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UBC Theses and Dissertations

The contact metasomatic magnetite deposits of southwestern British Columbia Sangster, Donald Frederick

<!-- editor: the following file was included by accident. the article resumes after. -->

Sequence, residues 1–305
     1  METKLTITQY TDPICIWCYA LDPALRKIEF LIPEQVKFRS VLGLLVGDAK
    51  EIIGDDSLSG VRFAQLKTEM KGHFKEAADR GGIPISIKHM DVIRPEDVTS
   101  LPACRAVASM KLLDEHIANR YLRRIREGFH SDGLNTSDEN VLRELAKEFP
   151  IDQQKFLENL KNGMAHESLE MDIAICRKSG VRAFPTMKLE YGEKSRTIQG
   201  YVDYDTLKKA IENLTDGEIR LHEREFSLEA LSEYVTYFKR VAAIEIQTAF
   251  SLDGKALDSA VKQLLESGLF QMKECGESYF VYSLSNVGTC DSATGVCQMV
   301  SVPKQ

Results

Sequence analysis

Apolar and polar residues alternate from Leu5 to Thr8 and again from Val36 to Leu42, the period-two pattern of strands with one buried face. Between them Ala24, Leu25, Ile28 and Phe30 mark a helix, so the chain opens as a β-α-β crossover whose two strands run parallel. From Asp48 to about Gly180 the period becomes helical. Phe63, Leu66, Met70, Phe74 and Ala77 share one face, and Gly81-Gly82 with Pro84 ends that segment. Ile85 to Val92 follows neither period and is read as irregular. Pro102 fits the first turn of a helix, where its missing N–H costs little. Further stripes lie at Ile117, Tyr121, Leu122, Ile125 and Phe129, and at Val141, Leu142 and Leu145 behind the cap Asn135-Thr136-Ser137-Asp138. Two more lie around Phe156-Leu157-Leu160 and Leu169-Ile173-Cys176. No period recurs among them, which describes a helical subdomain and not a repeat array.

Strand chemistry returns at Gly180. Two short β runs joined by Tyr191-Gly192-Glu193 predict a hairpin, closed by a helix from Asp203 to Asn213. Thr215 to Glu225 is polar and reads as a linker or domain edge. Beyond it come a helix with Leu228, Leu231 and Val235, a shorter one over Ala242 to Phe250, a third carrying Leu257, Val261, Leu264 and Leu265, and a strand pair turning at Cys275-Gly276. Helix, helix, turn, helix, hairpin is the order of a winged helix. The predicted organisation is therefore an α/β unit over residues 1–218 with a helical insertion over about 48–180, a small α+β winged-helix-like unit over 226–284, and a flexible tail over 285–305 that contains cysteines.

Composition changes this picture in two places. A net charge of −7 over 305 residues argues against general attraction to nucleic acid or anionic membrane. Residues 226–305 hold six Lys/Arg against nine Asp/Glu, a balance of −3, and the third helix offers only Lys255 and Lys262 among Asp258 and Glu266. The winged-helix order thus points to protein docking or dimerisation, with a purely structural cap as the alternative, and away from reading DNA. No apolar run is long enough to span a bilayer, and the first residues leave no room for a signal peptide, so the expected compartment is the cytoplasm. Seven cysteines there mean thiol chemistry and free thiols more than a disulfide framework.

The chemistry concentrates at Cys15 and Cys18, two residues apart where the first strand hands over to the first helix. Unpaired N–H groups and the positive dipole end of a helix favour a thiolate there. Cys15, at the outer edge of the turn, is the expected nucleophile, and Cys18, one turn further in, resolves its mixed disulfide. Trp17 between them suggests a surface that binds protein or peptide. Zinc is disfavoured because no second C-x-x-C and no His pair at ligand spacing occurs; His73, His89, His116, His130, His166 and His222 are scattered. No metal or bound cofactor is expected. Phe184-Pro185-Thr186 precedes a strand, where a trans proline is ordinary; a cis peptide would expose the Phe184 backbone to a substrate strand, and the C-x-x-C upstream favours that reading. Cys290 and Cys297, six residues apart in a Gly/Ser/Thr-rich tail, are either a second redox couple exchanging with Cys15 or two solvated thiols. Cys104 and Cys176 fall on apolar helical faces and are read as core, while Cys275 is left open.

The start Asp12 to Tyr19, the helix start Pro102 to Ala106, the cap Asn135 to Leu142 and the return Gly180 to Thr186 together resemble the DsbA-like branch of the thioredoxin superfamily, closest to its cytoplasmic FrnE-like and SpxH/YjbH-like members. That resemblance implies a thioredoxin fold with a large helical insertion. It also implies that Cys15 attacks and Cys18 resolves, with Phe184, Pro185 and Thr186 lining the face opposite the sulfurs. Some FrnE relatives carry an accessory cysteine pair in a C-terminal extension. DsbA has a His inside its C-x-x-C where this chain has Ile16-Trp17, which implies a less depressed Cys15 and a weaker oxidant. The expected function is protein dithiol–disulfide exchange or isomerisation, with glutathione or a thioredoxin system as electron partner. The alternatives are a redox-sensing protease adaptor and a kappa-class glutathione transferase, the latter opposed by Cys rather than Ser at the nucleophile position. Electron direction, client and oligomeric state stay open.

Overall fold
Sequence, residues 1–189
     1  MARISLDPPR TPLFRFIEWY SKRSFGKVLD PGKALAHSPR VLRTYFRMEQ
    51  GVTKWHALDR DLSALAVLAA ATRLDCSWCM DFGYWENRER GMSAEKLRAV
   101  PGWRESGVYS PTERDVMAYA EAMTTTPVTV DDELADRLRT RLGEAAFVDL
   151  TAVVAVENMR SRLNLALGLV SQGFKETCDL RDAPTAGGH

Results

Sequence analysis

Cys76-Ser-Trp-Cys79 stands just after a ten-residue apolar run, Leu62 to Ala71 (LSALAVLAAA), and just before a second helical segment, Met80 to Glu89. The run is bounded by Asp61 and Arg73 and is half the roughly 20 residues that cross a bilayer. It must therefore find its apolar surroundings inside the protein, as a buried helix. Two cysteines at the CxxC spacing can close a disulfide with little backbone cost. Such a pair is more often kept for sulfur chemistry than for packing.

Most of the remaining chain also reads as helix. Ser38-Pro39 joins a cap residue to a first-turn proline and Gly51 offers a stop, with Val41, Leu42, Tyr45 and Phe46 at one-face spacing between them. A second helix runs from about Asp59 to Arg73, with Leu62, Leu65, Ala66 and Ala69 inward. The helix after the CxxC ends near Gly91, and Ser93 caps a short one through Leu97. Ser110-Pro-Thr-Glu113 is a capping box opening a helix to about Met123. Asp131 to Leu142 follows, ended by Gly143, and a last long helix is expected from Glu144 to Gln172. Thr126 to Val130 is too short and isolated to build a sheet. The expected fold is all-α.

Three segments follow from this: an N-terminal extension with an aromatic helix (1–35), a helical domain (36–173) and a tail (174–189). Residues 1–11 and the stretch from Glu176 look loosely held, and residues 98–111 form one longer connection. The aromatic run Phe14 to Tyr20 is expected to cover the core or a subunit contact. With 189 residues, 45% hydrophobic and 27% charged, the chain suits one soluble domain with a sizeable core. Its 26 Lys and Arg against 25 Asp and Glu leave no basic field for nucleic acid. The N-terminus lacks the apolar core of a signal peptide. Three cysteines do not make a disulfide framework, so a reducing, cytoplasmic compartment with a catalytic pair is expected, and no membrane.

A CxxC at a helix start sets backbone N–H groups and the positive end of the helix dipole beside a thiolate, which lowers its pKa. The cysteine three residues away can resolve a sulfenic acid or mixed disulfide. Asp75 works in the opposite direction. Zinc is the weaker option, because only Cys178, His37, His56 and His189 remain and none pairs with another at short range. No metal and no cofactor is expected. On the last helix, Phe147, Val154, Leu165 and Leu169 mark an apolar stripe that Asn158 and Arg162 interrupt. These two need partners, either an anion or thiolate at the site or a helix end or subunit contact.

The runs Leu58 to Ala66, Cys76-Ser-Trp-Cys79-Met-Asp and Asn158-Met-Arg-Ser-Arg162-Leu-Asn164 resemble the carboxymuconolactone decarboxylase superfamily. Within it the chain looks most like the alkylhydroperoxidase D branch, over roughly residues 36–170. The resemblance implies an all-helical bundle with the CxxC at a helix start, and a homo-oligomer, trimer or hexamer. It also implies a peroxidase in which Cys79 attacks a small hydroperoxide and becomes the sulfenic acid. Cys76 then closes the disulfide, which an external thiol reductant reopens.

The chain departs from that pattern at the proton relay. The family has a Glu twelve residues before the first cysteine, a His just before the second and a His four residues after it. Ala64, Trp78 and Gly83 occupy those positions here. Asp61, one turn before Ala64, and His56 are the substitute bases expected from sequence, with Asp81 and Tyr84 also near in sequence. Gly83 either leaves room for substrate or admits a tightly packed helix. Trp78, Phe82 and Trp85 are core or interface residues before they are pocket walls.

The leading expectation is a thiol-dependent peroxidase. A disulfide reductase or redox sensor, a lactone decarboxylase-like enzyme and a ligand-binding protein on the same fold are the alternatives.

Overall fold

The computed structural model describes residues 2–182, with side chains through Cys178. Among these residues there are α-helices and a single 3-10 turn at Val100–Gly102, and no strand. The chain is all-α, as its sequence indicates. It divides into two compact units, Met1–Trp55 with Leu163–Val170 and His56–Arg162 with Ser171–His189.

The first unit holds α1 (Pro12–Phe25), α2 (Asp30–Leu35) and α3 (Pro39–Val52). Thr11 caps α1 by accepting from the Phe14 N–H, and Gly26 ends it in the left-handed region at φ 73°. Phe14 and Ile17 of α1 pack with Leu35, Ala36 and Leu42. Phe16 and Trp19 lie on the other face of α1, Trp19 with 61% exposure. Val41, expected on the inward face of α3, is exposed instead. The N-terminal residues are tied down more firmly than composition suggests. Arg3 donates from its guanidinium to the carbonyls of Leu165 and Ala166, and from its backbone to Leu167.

Ore zones, skarn, host rocks, and associated intrusions of 12 magnetite deposits were studied in both field and laboratory to determine their mineralogical and geochemical characteristics, origin of the iron, and factors controlling emplacement of iron-bearing minerals. This study seeks a better understanding of the origin and mode of occurrence of contact metasomatic magnetite deposits which in turn may provide better guides to their exploration and evaluation. Local folds and faults are important factors in the explacement of magnetite in volcanic rocks and limestone of the Vancouver group. Adjacent stocks are of intermediate composition. Post-ore leucodiorite dykes are common in many orebodies . The author proposes that the process by which skarn is formed be called skarnification i.e. the replacement by, conversion into, or introduction of skarn. The term would include all processes by which skarn may be formed such as contact metamorphism, contact metasomatism, or regional metamorphism. Skarn in the coastal British Columbia region is composed mainly of garnet (andradite-grossularite), pyroxene (diopside-hedenbergite), epidote, and magnetite. Conformity to Gibbs Phase Rule and the non-appearance of incompatible phases is strong evidence that equilibrium was attained during skarnification. Magnetite is the major metallic mineral, but chalcopyrite, pyrite, pyrrhotite, and arsenopyrite are locally abundant. The temperature of intrusion is estimated to be in the range 800-900°C and stability relations of coexisting minerals indicate a temperature of 700- 550°C daring skarnification. The pyrite-pyrrhotite geothermometer applied to eight specimens shows that ore deposition, took place within the temperature range 400-550°C. The composition of arsenopyrite coexisting with pyrite and pyrrbotite in one orebody indicates a confining pressure of 2600± 1,000 bars during ore formation. The immediate source of iron in these deposits is believed to be nearby intrusions. The ultimate source, however, is very probably underlying volcanic rocks which have been assimilated, in part, by an advancing pluton. Iron is considered to have been derived from plutons adjacent to the orebodies and to have been carried to the sites of deposition as aqueous supercritical solutions of iron chloride. Magnetite was precipitated from the ore-forming fluid by an increase in pH brought about by reaction with limestone. Changes in the chemical and physical nature of the ore-forming fluid during ore deposition are discussed in terms of temperature, density, pH, partial pressures of oxygen and sulphur, and composition. Hydrothermal processes operative in formation of the deposits were solvate opposition, metasomatism, and cavity filling

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